The location of Sen Wellness amidst a natural reserve is very much consistent with Ayurveda’s emphasis on all things natural. The design of the facility further features the primacy of energy as part of the healing process. For this reason the main building and all the bungalows are built as cylindrical shapes like shells, which draw energy from the earth.

Wooden boardwalks lead to the two story bungalows. The board walks are elevated so as to prevent wildlife from being disturbed, allowing them passage, beneath the structures.

The bedrooms are all circular in shape and uber comfy.

Every room has it’s own small patio in the front, facing towards the lagoon.

All meals at Sen Wellness are self serve buffet style in this open, airy colorful space. One of the cooks was available for questions and when I mentioned I cannot eat onions due to allergy, special dishes (sans onions) were created for me at the following meals.

We head out the huge wooden arch doors which are at the entrance to Sen Wellness, to explore the environment and find the beach before we receive our Ayruvedic consultations.

The only sounds we hear are of crashing waves nearby, and we make our way through fields of palm trees soaring up to the sky. We encounter a group of large monkeys who run one by one across the road scampering right in front of us.

The beach is natural, wild and deserted. Close to pristine. Thankfully, it will stay this way as it borders the protected natural sanctuary area. The waters of the Indian ocean at this Southern most tip of Sri Lanka are rough, but there are natural rock pools which are protected from the backwash and good for submerging oneself to cool off from the heat.


An Ayurvedic doctor is on staff and each guest receives an Ayurvedic consultation to determine personal needs. As Ayurvedic treatment revolves around diet and herbal supplements, a concotion of treatments is established for each guest. This arrives before dinner on a tray filled with boxes with each guests name on their box of supplements or pre dinner “shots”.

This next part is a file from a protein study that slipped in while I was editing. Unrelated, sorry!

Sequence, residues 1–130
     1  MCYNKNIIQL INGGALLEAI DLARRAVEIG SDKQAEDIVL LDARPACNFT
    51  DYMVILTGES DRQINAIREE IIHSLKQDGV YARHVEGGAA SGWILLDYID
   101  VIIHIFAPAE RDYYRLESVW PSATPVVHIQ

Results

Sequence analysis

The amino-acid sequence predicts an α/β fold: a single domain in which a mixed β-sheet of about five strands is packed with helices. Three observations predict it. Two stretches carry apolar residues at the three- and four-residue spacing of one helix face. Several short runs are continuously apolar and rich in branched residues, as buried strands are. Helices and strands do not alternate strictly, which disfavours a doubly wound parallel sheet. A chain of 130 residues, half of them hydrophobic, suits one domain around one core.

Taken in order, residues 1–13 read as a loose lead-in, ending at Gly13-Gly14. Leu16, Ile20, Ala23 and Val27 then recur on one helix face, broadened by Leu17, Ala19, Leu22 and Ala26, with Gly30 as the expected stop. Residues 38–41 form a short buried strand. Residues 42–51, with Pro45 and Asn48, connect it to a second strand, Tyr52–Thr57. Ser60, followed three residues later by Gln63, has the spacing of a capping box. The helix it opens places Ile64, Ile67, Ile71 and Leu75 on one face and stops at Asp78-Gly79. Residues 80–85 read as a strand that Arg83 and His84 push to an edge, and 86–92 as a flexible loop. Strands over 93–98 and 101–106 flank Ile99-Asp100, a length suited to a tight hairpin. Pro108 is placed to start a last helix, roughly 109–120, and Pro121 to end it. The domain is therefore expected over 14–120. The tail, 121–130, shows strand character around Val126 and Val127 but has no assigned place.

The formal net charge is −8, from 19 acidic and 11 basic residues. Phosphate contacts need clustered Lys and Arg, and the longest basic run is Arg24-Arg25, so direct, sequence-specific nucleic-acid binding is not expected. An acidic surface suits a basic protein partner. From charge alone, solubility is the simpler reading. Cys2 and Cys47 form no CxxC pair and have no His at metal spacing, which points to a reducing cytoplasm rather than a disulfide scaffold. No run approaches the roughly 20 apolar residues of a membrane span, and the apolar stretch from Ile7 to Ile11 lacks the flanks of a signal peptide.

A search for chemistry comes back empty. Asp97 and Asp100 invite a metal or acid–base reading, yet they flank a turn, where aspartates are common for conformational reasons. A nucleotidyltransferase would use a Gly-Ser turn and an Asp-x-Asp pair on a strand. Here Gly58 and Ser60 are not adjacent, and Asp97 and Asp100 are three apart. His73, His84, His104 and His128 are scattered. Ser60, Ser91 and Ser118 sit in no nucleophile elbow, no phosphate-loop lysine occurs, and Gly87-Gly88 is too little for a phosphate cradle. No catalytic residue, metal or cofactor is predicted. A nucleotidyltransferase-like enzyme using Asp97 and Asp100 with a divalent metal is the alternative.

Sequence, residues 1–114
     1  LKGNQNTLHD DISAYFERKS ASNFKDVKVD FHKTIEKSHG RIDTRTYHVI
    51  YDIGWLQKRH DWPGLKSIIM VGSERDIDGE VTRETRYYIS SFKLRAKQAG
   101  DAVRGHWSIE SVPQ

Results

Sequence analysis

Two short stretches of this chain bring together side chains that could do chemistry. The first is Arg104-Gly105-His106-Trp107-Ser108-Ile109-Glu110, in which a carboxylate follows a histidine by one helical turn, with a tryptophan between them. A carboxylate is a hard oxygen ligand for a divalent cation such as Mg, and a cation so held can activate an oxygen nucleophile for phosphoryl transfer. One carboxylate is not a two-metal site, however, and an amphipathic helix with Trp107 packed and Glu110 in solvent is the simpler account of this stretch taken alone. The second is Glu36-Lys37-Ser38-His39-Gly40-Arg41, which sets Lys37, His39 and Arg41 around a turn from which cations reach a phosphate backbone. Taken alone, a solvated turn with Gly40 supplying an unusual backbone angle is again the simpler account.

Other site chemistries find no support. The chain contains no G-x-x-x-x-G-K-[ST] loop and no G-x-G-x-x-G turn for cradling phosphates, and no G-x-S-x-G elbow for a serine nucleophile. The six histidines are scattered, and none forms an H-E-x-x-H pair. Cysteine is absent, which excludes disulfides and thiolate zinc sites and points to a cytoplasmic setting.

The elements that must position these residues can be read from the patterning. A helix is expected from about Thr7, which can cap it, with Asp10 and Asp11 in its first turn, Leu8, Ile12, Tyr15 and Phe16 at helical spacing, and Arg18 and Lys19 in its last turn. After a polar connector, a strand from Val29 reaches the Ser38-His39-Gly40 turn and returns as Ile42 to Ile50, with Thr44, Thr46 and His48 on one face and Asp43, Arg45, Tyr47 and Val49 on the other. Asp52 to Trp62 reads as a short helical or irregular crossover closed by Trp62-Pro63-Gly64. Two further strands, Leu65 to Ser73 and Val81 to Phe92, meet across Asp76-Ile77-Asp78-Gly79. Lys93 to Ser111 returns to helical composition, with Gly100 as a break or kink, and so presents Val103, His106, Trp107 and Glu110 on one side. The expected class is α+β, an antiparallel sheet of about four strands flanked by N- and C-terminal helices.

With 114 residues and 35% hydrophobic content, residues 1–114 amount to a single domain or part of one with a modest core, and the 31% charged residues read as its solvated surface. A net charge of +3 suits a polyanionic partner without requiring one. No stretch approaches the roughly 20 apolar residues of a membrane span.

The recommendations we receive from the Ayurvedic doctor re food intake include some surprising information. Using the Ayurvedic concepts of cold and hot foods (which has nothing to do with the temperature but more the innate heat in foods), we are told for instance that raw tomato is fine, but cooked tomato is not. Mushrooms and all citrus fruits are to be avoided. This definitely runs counter to our notion that all fruits have important vitamins and minerals and therefore are beneficial to overall health.

Every morning times and types of massages for treatments are put on a board. Ayurvedic massage is typically 30 minutes long (30 minutes short!) Again counter to what we know, as we have been accustomed to enjoying much longer massages from our time in Thailand where the opposite is true and an hour and a half to two hour massages are the norm. Ayurvedic massage makes use of plentiful herbal oil as well as herbal hot compression packs.

Schedule for the day with yoga offered in the morning and in the early evening.

The yoga shala is a particularly beautiful space, open to the elements. We participated in a Kundalini yoga class, offered by a visiting highly experienced Kundalini yoga teacher from Japan.

Seeing as we are located right on a large lagoon, we decide to opt for early morning bird watching in lieu of the morning yoga. A tiny narrow boat meets us at 6 a.m. We did not see many birds, but we did have a tranquil meditative water experience to start our day in a serene way.

Mangrove trees line the lagoon. Our boat man points out an alligator lurking in the shadows, but that and a few flying birds is all the wildlife we see on our boat ride.

This is a typical Sri Lankan fishing boat ~ balanced on one side by a long log. We wondered if we would fit in, but we did!

Morning water mediation in the glow of the sun rising rapidly.


A big thanks to Sen Wellness Sanctuary for hosting us: